So it’s finally here, winter. Because it isn’t winter without snow. So what are you going to wear for the inevitable commute and leisure rides?
I don’t often ride with a helmet, but on snowy days there’s more chance of slipping on ice and less visibility for drivers so I would recommend one. A cap is a necessity to cover your face from the oncoming snow and cold wind. I usually use a standard cycling hat, but the peaks get all weird and wonky quite quickly, so now there are waterproof cycling hats, such as the eVent one and Sealskinz one.
A waterproof jacket is essential. They tend to fall into one of two categories, waterproof or breathable, but rarely both. Usually the more waterproof it is, the less breathable it is, so you can end up being just as wet inside the thing due to sweat. Softshell’s have become increasingly popular in the last few years because they can be mostly waterproof but really breathable. Softshell’s also tend to be warmer, meaning you need less layers on underneath. The Swrve Milwaukee and Vulpine Softshell are good examples of this. But if you want keep you dry for longer than about 30 minutes in heavy rain, you need a proper waterproof. You can opt for something very cheap and effective such as a Mac in a Sac and accept you’re going to get sweaty, or you can spend significantly more and get something much more breathable, better looking and just as waterproof. Such as the Vulpine Cotton Rain Jacket and the Rapha City Rain Jacket. There are many, many jackets that claim to be waterproof and breathable, like the Castelli Sottile Jacket but the only one I’ve found that to actually be true with is the Rapha one.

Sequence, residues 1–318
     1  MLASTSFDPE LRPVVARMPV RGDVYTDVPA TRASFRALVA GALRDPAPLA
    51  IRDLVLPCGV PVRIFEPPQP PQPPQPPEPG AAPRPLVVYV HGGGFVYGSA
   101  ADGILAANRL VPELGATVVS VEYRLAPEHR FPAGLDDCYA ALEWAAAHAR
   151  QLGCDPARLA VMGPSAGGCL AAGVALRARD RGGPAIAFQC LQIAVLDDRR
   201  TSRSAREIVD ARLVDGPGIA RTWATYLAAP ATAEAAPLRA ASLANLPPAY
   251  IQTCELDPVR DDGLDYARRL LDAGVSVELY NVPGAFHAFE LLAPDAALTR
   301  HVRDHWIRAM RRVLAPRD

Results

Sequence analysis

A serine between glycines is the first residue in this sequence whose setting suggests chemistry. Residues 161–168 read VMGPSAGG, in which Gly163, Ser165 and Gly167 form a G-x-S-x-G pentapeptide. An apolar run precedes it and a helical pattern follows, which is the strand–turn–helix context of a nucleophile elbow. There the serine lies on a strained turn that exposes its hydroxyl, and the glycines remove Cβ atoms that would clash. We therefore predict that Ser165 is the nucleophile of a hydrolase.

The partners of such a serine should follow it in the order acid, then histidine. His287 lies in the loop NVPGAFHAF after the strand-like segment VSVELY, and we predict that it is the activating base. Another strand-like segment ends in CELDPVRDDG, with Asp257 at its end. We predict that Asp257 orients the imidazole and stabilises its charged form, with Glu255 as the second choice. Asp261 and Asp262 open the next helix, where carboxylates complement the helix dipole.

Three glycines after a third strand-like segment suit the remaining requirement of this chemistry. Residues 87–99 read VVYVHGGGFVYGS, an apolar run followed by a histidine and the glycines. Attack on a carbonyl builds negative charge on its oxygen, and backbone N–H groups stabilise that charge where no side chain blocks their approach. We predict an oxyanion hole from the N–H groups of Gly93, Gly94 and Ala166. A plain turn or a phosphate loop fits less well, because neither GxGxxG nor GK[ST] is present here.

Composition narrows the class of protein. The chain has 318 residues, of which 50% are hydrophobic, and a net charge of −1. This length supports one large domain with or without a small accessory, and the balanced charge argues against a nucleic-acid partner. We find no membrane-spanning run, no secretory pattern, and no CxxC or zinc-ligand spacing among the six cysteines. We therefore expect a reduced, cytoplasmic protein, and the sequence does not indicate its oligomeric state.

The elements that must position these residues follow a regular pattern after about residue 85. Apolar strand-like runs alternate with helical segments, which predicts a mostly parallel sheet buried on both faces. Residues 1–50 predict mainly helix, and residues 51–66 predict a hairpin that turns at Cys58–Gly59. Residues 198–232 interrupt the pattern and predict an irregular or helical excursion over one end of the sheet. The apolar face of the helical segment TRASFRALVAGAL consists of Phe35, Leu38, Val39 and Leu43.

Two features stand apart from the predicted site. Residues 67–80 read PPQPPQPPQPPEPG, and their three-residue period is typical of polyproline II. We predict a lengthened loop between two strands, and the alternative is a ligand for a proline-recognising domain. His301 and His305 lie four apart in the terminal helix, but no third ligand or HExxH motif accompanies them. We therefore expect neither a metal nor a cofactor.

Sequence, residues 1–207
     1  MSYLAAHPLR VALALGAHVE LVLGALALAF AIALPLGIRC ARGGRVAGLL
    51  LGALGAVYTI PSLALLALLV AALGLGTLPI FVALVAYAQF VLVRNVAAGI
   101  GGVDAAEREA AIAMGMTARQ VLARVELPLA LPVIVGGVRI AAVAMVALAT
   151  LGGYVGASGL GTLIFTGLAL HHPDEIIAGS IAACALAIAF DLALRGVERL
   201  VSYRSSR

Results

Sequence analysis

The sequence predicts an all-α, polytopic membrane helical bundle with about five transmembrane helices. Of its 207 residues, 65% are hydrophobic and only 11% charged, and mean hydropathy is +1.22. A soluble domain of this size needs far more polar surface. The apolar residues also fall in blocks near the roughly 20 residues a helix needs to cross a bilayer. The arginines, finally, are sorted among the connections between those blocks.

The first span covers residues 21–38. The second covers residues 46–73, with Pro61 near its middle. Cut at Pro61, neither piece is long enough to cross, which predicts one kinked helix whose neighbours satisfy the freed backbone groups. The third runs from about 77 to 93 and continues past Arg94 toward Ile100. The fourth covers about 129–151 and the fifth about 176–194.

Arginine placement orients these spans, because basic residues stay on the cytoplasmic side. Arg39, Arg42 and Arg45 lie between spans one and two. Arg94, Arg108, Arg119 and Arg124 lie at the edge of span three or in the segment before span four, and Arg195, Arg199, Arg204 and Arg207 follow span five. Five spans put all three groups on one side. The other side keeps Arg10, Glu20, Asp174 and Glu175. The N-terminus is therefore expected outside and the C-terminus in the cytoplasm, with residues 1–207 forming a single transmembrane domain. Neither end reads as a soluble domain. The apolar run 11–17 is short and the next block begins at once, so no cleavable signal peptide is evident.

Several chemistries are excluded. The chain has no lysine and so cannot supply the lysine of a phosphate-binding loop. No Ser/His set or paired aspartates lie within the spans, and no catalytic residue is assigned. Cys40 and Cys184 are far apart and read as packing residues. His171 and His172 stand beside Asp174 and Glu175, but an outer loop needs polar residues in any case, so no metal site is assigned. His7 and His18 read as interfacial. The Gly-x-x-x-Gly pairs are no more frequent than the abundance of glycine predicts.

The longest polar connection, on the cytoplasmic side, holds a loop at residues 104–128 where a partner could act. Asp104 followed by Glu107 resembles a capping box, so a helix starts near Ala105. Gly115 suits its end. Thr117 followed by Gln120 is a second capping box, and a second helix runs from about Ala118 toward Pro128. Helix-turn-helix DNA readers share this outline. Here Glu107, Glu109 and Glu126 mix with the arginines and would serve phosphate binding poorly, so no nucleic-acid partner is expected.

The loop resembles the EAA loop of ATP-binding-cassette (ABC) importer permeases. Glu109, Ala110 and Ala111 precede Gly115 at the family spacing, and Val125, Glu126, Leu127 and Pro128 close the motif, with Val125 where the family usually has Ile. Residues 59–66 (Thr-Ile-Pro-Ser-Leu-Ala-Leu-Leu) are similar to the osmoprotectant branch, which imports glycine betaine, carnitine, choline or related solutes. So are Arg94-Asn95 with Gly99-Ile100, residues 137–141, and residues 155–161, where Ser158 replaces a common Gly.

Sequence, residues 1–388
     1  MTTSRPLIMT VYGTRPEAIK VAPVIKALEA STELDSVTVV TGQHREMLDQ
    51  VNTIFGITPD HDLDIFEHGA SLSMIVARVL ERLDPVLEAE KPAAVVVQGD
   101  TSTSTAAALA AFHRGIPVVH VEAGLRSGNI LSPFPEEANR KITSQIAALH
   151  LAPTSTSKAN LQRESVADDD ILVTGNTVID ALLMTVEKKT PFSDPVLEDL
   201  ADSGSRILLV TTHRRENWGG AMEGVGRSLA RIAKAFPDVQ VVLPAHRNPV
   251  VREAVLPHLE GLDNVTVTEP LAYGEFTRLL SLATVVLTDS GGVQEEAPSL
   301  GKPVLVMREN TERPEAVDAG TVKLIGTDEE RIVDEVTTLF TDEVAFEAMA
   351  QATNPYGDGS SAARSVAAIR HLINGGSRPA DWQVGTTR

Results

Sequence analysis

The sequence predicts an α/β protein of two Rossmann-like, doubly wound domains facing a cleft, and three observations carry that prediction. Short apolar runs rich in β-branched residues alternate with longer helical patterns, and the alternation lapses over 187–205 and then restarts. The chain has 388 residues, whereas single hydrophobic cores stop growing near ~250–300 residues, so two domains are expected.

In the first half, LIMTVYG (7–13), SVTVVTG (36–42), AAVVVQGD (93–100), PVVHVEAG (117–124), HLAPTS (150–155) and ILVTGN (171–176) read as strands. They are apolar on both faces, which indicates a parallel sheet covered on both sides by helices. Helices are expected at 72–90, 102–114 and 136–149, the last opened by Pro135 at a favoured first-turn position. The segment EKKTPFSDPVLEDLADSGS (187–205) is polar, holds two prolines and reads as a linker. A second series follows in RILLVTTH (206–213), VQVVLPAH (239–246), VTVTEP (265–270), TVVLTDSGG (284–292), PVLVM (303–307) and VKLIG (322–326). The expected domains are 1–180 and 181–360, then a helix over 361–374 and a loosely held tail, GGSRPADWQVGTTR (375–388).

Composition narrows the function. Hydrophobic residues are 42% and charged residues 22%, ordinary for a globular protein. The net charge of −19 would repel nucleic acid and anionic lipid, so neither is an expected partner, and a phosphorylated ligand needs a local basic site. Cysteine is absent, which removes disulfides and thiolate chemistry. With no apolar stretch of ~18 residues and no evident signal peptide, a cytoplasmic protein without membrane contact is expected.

Similar to the jackets, there are a few levels of waterproof trousers. The really cheap ones that are very waterproof but also completely unbreathable, because they’re made for walking or just standing in the rain, such as the Peter Storm Flite. The main problem with them being that the legs are too short and ride up when you cycle, meaning you get wet ankles and how hot your legs get in them. But they are very simple and do the job, just put them on over your jeans and take them off when you get to your destination. Then there are more cycling specific trousers. They’re pretty much the same except they’re cut to bend at the knee and keep your ankles covered, such as the Altura Attack and Gore Path. Then there are the softshell trousers. Less waterproof than the previously mentioned ones, but warmer, much more breathable and you can wear them as normal trousers, such as the Swrve Softshell Trousers and Rapha Softshell Trousers.
If you cycle with flat pedals or straps, you can just use some waterproof walking boots or wellies or anything really. However, if you are clipless there’s fewer options. You can get some overshoes to go over your normal cycling shoes such as the BBB Waterflex or the Specialized 2013. They can be used to various amounts of success. If your trousers are too short then water can get in the top of them, and if you don’t have a front mudguard I found water can come up through the cleat holes in your shoes, but generally they’re quite good as long as you carry some spare socks with you to work just in case they fail. The bonus is they can be used to just keep your feet warm on long, cold rides without being much of a hassle. You could also get some waterproof cycling shoes such as the Sidi Hydro GTX or Shimano Goretex. which would be my preferred option, if they weren’t so expensive.